Do you fancy being the next Alex Ferguson? Do you want to lead a team of sporting professionals to international glory? Are you desperate to refer to yourself as ‘the Special One’? Do you want that immense feeling of satisfaction as your best athlete breaks a world record in an Olympic final? Well, then, you should probably find out what it takes to be a professional sports coach!
As a sports coach or instructor, your primary job will be to provide expert training for athletes. You’ll be assisting their skills development and ensuring peak performance and fitness are achieved during crucial times, such as competitions, tournaments, matches, trials and qualifying events.
The difference between a sports coach and a sports instructor is minimal, and the terms are used interchangeably most of the time. However, coaches are mainly involved in identifying and nurturing talented athletes, while sports instructors are involved in providing theoretical and practical instruction in a specific sport or helping athletes to maintain their general health and fitness.
Prospective employers include amateur, professional and semi-professional sports clubs, schools, colleges and universities, local authorities, sports development organisations, gyms and fitness centres, other leisure facilities and sports administration bodies.
Competitive sport is a global industry, with attractive employment opportunities for sports coaches with excellent skills and an established record of winning competitions or grooming potential winners.
Professional sports coaches with expertise in football, rugby, tennis, athletics and other popular sports can earn almost as much as the sportspeople they are coaching, and can choose to work anywhere in the world.
If you enter this profession, you will be responsible for assessing the performance of the athletes under your expert direction, and analysing the flaws or weaknesses of their forthcoming opponents. You’ll then be in charge of developing tactics and training activities.
You’ll also be helping your athletes to develop new skills and prepare mentally for competitions. Moreover, you’ll be liaising with other sporting professionals to make sure the athletes reach optimal fitness levels at the right time.
Salary & benefits
Your salary will vary depending on your sport, what level you coach at, your employer’s budget, your reputation and your level of expertise and experience.
Starting level salaries range between £16,000 and £30,000 per annum, increasing to between £25,000 and £70,000 or more with additional experience and expertise. Some national and international coaches can even earn millions of pounds a year.
Some coaches also receive performance-based bonuses, subject to the achievement of targeted goals, such as the number of competitions or matches won, promotion to higher leagues or the acquisition of prize money. Other incentives include health insurance, company cars and additional lifestyle benefits.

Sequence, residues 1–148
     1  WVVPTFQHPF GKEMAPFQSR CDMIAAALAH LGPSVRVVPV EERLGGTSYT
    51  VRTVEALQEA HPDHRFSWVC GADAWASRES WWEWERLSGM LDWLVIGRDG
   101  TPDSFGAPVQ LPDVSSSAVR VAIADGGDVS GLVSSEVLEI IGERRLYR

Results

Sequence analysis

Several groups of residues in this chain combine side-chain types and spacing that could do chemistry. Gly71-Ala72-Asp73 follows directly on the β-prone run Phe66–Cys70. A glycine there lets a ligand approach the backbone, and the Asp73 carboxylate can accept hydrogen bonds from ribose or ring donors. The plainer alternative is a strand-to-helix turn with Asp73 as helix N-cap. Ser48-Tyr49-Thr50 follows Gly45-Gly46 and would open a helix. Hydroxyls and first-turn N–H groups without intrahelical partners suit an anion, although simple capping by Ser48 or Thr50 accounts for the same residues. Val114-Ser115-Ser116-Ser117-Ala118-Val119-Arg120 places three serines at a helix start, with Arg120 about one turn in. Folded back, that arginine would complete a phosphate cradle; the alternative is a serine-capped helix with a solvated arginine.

Corporate sponsorship, product endorsements and advertisements are also offered to coaches with prior sporting experience, international reputation and popularity in the public domain.
A sports coach’s job does not involve your typical nine-to-five, Monday to Friday routine. Early starts are the norm during the playing season, with training sessions often held between 6am and 10am.
Additional training sessions are also likely to take place in the evenings, between 3pm and 6pm. Matches and competitions are often scheduled in the evenings and during weekends when maximum crowds are expected.
Travelling for away matches or competitions is also a frequent occurrence during the playing season. Some coaches may even have to travel internationally for major events and tournaments.
An academic background in a sport-related discipline can be helpful, although in order to work as a coach, you will need to successfully complete a professional coaching certification in your chosen sport. This will have to be administered by a relevant National Governing Body (NGB) in the UK, such as the Football Association (FA).
Candidates must be at least 16 years of age to apply for introductory courses, which can be completed on a full-time or part-time basis. Certificate courses are likely to involve a mixture of classroom-based theoretical learning sessions and practical field-based training. You’ll need to complete all practical tests and modules in their entirety to receive the appropriate accreditation.
Training & progression
In order to maintain a competitive edge, many coaches take up additional training courses and skills development programmes with organisations such as Sports Coach UK.
However, a lot of your training and development must be self-initiated. To be a truly successful sports coach, you need to immerse yourself in the sport and keep up to date on all the latest developments and innovative training methods and techniques.
As you progress, you may develop a roster of various athletes who you will coach individually. You may also be offered new coaching jobs with bigger and better teams as your reputation improves. Some sports coaches eventually move into roles that focus on sports policy development and sports administration.